Suppose I have two random variables, $X$ and $Y$, defined on the space $(\Omega,\mathcal{F},P_1)$ which can both take the values $0,1,\ldots,N$.

Suppose further I want to define the probability of an event $A$ as $P_2(A)=P_1(A|X=Y)$.

Assume the following events are independent for all $i$.

  1. $A$ and $Y=i$
  2. $X=i$ and $Y=i$

Also, assume that $A\subset X=i^*$ for some $i^*$.
Then $P_2(A)=\frac{P_1(A)P_1(Y=i^*)}{\sum\limits_{i=0}^NP_1(X=i)P_1(Y=i)}$.

Finally, here is my question. Assume we have a sigma algebra $\mathcal{H}\subset\mathcal{F}$ such that the events $X=i$ are all independent of $\mathcal{H}$and hence $A$ is independent of the sigma algebra as well. Then how do I find $P_2(A|\mathcal{H})$? I feel like the answer should be one of the following two things (more likely the first), but I can prove neither.

  1. $\frac{P_1(A)P_1(Y=i^*|\mathcal{H})}{\sum\limits_{i=0}^NP_1(X=i)P_1(Y=i)}$
  2. $\frac{P_1(A)P_1(Y=i^*|\mathcal{H})}{\sum\limits_{i=0}^NP_1(X=i)P_1(Y=i|\mathcal{H})}$

For me what makes this more difficult is working with the sigma algebra. I am not very strong on finding probabilities conditional on a sigma algebra. I understand the general theory of conditional expectations and probabilities with respect to sigma algebras but have not had actual computational practice.

Thanks for the help!


I think there are some issues with the independence assumptions.

Independence of $A$ from $\cal{H}$

From "$\{X=i\}$ independent from $\cal{H}$" and "$A\subset \{X=i^*\}$" you cannot conclude that $A$ is independent from $\cal{H}$.

Counterexample: Let $\Omega=\{1,2,3,4\}$, $\cal{F}=2^\Omega$ and $P(\{i\})=1/4$. Let $X$ be the random variable with $\{X=0\}=\{1,2\}$ and $\{X=1\}=\{3,4\}$ and $\cal{H}$ the Sigma Algebra generated by $\{1,3\}$. $X$ is independent from $\cal{H}$ since $P(\{X=0\}\cap\{1,3\})= P(\{1\})=1/4=P(\{X=0\})P(\{1,3\})$ likewise for the other events. Let $A=\{1\}\subset \{X=0\}$ but $A$ is not independent from $\cal{H}$ because $P(\{1\}\cap\{1,3\})=1/4\neq 1/4 * 1/2$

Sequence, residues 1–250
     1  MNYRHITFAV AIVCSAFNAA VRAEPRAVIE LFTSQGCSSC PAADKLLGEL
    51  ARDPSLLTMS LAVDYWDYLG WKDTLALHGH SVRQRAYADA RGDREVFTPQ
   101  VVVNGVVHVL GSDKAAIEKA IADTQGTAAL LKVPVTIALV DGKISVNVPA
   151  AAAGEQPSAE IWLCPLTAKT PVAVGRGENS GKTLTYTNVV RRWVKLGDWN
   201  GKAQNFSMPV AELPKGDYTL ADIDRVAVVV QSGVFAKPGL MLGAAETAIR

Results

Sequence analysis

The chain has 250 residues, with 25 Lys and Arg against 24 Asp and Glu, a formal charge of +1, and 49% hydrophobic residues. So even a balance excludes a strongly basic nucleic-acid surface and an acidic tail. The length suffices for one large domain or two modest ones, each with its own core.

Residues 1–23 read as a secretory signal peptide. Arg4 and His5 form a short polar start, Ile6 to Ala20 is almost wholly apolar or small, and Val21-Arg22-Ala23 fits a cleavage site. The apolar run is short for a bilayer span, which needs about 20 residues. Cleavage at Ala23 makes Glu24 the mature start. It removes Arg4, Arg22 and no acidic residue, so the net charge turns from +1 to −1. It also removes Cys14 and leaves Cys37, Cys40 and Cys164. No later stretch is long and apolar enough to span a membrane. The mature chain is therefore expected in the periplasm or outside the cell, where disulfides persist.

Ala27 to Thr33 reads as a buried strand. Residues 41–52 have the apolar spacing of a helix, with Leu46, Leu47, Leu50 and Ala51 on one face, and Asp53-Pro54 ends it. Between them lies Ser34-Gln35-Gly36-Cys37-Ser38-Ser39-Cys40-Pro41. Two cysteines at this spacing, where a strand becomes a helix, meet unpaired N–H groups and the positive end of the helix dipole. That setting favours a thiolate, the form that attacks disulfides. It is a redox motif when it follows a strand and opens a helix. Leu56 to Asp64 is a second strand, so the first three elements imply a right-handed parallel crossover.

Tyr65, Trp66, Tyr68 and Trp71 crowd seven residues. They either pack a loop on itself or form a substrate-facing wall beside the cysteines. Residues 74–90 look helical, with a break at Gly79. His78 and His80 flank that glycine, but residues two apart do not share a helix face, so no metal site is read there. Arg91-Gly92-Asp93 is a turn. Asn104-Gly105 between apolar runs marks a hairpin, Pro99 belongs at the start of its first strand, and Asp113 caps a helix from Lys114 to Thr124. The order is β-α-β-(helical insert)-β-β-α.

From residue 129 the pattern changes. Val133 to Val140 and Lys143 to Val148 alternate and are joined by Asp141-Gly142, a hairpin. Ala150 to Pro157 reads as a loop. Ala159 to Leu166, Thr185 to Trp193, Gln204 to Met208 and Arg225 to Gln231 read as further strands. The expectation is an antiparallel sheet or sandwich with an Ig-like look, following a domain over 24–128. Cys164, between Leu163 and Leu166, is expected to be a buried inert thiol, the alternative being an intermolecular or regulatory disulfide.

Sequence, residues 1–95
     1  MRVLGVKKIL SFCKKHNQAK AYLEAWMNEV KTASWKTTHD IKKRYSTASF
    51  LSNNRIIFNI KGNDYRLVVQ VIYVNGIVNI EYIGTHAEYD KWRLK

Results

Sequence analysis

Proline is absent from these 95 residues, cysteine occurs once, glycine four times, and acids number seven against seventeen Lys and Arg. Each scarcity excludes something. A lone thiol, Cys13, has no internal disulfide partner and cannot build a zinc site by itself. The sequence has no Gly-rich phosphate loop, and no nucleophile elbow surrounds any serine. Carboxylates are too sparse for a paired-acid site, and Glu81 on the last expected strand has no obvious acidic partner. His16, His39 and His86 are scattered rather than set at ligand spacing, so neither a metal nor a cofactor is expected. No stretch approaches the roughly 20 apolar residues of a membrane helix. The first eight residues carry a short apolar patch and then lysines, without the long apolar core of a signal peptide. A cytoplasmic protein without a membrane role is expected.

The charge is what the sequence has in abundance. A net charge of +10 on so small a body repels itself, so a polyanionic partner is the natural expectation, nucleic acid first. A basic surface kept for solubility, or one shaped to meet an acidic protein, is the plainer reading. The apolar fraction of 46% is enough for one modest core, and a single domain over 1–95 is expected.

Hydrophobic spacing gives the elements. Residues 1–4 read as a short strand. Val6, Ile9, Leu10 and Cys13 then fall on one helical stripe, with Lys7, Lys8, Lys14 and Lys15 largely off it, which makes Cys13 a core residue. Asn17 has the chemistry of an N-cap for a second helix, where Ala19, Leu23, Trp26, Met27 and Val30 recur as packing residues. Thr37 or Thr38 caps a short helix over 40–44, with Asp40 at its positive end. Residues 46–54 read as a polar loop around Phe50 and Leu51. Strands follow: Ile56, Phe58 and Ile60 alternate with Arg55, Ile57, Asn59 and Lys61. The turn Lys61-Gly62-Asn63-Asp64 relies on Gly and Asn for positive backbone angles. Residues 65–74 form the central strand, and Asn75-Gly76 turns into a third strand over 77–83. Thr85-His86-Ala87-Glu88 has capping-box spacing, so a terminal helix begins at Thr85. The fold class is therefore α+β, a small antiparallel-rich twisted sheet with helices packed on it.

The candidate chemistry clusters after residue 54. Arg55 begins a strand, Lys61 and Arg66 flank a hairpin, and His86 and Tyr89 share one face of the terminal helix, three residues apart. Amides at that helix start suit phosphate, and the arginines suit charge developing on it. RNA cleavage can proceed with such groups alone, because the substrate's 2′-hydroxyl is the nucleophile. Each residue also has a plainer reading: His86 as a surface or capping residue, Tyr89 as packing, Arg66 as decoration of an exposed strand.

Independence for factoring

Even the assumption that $A$ is indeed independent from $\cal{H}$ and your stated assumption that $A$ is independent from $Y$ would not be sufficient to factor the probabilites as you wish to do. You need a stronger assumption, namely that $A$ is independent from the sigma algebra generated from the join of $\{Y=i\}$ and $\cal{H}$. The reason will be more clear from the next section but it boils down to the necessity of factoring not only pairs but triples such as $P(A\cap \{Y=i^*\}\cap H)$ where $H\in \cal{H}$.

Actual calculation

I will demonstrate the problems with an example and assume that $\mathcal{H}$ is generated by a single event, i.e. $\mathcal{H}=\{\emptyset, H, H^c, \Omega\}.$ With $\Delta = \{\omega\mid X(\omega)=Y(\omega)\}$ the conditional probability $P_2(A\mid \mathcal{H})$ can be written as $$ P_2(A\mid \mathcal{H}) = \frac{P(A\cap \Delta\cap H)}{P(\Delta\cap H)} \cdot 1_H + \frac{P(A\cap \Delta\cap H^c)}{P(\Delta\cap H^c)} \cdot 1_{H^c}.$$

Once you make all the required independence assumptions and use $A\cap\Delta = A\cap\{Y=i^*\}$ you can factor and get \begin{align} P_2(A\mid \mathcal{H}) &= \frac{P(A)}{P(\Delta)}\left( \frac{P(\{Y=i^*\}\cap H)}{P(H)} \cdot 1_H + \frac{P(\{Y=i^*\}\cap H^c)}{P(H^c)}\cdot 1_{H^c}\right)\\ &=\frac{P(A)}{P(\Delta)}P(\{Y=i^*\}\mid\mathcal{H}\})\end{align} which is indeed your first formula.

The statement should be true for the general case as well, but the proof would look rather different, since you cannot rely on the explicit presentation which is possible with such a simple Sigma Algebra.


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